A tree is recognized by its fruits. Likewise, a mature ecclesial community is identified
by its faith, often manifested in the number of saints and martyrs it produces. The
Syro-Malabar community in Kerala, India’s southernmost state, has this distinct
“honor of the altar.” Agostino Thevarparampil, popularly known as Kunjachan (“little
priest”), is the fourth person to be beatified from this Church that dates to the
Peanuts comic-strip creator Charles Schulz’s simple philosophy was that it
is not people with credentials who make a difference in our lives, but people who
care. Among those whose caring lives far outweigh their credentials, we confidently
place Blessed Kunjachan (pronounced Koon-ja-chun).
Neither orator nor organizer, neither writer nor scholar, Kunjachan was less than
five feet tall but had a giant soul. His sanctity integrated spiritual care of people
with social concern. He was a pastor and an emancipator. In the caste-ridden Indian
society, the Dalits (“downtrodden”) are the low-caste untouchables, traditionally
assigned menial works of sanitation. Doomed to a demeaning status by birth, they
are treated as slaves of the elite and deprived of development opportunities. Kunjachan
dedicated 40 years of his life to uplifting these underprivileged.
After four years of service as assistant parish priest, Kunjachan returned to his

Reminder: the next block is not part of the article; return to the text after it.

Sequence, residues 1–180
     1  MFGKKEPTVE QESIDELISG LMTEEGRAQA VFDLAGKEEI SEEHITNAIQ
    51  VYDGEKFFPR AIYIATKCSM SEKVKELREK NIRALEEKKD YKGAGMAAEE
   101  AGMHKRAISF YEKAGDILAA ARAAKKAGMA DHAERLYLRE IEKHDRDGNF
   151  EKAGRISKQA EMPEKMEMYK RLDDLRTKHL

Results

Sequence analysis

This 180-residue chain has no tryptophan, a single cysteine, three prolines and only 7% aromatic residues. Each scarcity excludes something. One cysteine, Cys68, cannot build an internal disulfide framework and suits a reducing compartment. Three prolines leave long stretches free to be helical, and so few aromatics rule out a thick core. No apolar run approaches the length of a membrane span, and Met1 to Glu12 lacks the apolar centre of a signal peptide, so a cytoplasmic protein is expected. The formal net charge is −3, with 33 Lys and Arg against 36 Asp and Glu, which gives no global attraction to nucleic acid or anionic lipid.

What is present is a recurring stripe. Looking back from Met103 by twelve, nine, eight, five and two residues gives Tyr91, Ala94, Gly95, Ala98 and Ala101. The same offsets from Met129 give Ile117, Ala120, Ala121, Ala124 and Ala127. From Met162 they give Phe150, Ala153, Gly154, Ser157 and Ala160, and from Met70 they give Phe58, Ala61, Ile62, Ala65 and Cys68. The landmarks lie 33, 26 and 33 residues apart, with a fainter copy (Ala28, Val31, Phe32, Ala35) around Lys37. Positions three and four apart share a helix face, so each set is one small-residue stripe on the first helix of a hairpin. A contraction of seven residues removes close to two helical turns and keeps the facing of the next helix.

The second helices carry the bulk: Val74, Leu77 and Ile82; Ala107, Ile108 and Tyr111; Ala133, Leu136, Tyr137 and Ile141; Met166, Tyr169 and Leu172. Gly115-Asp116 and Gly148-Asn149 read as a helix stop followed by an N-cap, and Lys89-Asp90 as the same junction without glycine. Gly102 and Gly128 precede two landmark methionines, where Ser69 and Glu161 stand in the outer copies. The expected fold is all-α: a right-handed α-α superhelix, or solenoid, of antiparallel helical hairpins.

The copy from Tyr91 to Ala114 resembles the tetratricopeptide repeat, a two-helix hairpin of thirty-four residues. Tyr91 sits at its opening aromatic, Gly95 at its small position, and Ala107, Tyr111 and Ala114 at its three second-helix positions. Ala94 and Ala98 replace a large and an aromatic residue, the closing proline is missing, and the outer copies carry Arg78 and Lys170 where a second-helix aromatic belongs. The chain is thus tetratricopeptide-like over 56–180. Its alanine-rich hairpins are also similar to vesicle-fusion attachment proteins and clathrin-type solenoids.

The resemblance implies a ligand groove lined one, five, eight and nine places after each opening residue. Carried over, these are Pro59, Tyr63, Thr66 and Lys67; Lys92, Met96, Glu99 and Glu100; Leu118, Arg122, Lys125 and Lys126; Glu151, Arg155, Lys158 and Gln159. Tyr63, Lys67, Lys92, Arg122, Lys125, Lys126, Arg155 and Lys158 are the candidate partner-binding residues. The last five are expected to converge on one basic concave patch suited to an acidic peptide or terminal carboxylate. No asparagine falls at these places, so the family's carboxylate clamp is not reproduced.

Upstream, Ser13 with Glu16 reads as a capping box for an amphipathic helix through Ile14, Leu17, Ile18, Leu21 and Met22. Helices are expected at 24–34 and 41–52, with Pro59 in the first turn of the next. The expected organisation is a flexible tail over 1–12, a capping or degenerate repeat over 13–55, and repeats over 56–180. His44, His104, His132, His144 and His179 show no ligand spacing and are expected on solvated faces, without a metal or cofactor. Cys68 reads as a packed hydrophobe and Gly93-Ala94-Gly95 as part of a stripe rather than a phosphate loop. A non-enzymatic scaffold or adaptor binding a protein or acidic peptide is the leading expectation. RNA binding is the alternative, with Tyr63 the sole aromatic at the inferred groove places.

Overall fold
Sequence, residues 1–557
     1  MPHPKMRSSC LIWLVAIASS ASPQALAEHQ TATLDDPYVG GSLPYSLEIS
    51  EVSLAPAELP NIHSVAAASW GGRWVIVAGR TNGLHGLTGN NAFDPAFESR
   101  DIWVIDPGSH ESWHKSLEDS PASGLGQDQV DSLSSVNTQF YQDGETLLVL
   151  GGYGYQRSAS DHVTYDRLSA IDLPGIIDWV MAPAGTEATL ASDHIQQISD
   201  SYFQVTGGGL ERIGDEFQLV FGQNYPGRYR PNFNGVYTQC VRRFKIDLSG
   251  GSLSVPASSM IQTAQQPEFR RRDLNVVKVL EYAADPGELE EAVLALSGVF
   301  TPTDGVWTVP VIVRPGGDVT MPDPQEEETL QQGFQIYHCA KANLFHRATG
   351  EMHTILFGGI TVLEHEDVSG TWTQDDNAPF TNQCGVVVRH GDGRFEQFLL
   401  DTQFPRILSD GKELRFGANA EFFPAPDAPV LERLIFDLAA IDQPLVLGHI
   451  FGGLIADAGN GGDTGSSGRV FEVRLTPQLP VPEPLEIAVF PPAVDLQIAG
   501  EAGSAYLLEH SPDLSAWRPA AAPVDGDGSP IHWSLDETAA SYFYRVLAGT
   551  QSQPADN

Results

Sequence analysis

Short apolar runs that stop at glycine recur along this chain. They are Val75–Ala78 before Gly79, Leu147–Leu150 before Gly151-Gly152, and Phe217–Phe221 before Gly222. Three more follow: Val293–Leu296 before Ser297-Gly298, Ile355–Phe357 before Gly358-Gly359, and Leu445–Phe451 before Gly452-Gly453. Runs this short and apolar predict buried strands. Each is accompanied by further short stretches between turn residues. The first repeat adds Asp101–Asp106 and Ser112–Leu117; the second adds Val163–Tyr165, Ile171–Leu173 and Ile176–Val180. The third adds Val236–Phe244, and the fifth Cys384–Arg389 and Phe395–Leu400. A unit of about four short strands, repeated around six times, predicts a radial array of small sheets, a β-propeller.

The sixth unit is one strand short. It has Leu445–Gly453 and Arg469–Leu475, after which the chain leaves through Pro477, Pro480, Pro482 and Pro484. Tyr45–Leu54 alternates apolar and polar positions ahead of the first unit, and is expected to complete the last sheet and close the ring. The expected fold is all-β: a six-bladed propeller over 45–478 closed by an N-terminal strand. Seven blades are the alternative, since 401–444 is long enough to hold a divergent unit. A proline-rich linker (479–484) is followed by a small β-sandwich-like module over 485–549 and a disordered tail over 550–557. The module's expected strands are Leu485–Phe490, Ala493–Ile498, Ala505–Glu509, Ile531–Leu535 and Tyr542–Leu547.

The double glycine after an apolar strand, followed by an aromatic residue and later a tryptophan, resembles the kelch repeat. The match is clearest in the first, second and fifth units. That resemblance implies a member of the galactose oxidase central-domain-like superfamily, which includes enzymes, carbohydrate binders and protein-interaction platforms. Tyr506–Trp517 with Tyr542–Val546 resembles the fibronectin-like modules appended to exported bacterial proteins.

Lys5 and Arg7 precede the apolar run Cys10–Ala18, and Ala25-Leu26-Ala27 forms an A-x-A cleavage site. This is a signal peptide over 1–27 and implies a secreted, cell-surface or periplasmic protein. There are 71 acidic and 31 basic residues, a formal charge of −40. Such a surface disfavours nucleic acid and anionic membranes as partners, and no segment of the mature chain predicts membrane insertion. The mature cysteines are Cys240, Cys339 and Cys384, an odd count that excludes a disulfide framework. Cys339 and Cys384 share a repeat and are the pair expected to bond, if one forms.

home parish for health reasons. Soon he had baptized 200 Dalits. Keenly aware of
their plight, he visited the Dalits daily, often in their places of work. Soon his
personal approach had encouraged more than 5,000 Dalits to convert to the Church.
Kunjachan faced opposition from the non-Christian high caste and traditional Christians,
but his cordial disposition led people of all castes and religions to visit him.
April 1, 1891
Born in Ramapuram, Kerala, India
December 17, 1921
Ordained as diocesan priest
October 16, 1973
Dies—and his tomb draws pilgrims
Miracle through Kunjachan’s intercession
April 30, 2006
Beatified by Cardinal Mar Varkey Vithayathil, leader of the Syro-Malabar
Kunjachan’s missionary zeal sprang from his deep devotion to the Blessed Sacrament
and the Blessed Virgin Mary. The charismatic priest continued Christ’s mission of
setting the captives free. He wrote, “I do not possess anything either as landed
property or as cash account. After my death, my funeral must be conducted in the
simplest way. Ever since 1926, I had been staying with the Harijan [Dalit] Christians.
Even after death, I would like to be with them. Therefore my dead body should be
buried where the Harijan Christians are buried.”
Kunjachan’s life particularly inspires pastors, social activists and missiologists.
Although he did not claim to achieve anything for the poor, we know that he proclaimed
good news by his radical acceptance of the rejected.
Kunjachan is blessed in three ways. First, his many virtues bear testimony to the
Beatitudes. Second, since blessed and happy are biblical synonyms,
he is enjoying the invitation of the final judgment: “Come, you who are blessed by
my Father. Inherit the kingdom”
for “whatever you did for one of the least of these brothers of mine, you did for
me” (see Matthew 25). Third, Blessed Agostino Thevarparampil is now a model for Catholics
the world over to follow in faith and felicity.
Next: Ceferino Giménez Malla